The Haught guide to fudging your resume

Picture 9






The lord of the white lies

I once told a lie. It was many, many years ago, and the details are inconsequential. My point is, even the very best of us tell fibs from time to time. Dishonesty should not be summarily dismissed as the preserve of the morally unsound.

When considering ways to fudge your resume, the more brazen your untruths the better. Brazen comes from a Middle English word meaning “made of brass” and your fabrication should gleam like that material.

If you need an extra degree to add some heft to your qualifications section, why settle for ho-hummery when you can go for the Hummer (or the academic equivalent)? I am, of course, referring to the Bachelor of Miracles.

The fact that it’s trousers-and-undies-around-your-ankles-in-a-nunnery-playing-a-trombone-with-your-bottom shameless in its fraudulence is what makes it so difficult for HR departments and interviewers to dismiss. Nobody in their right mind could think anybody in their right mind would try to pull off such chicanery.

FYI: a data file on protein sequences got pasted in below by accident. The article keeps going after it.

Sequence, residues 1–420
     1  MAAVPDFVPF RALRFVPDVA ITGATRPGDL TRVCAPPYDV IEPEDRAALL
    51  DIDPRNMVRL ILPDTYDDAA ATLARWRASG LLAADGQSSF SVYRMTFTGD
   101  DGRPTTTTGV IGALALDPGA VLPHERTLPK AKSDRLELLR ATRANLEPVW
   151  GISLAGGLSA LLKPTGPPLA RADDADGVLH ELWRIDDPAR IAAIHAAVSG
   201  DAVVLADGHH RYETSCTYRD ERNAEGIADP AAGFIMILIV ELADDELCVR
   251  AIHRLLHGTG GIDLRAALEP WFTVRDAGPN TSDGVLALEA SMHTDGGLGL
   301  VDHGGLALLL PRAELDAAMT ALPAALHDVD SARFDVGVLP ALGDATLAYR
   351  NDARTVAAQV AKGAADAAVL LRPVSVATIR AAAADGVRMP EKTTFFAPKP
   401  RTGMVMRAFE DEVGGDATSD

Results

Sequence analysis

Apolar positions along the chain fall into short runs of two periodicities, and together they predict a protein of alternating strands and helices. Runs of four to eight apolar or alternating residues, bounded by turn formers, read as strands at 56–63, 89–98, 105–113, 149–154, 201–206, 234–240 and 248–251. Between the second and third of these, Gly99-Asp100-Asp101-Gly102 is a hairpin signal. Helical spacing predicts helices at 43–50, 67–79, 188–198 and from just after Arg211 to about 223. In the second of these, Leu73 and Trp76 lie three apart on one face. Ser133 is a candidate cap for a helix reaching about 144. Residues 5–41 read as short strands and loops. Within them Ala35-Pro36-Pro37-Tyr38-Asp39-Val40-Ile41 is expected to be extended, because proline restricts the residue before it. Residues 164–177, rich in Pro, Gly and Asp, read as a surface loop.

You can round the deception out by asserting that you earned high distinctions in subjects such as Recognising Holy Figures in Toast, Curing Incurable Diseases, Making Maths Fun, and Advanced Food Multiplication.

The Bachelor of Miracles is a nine-year course and there is an honours year option for high achieving students. If that describes you (clue: it does), you might like to say you’ve done your thesis on something like the chemistry of liquid bisection.

My advice: gun that Hummer up the career ramp, laughing at the people you squash along the way.

This article originally appeared in The Age and the Sydney Morning Herald. You can view the latest column every Saturday in the MyCareer section. 

Picture 4

Leave a reply

Your email address will not be published.

You may use these HTML tags and attributes:

<a href="" title=""> <abbr title=""> <acronym title=""> <b> <blockquote cite=""> <cite> <code> <del datetime=""> <em> <i> <q cite=""> <strike> <strong>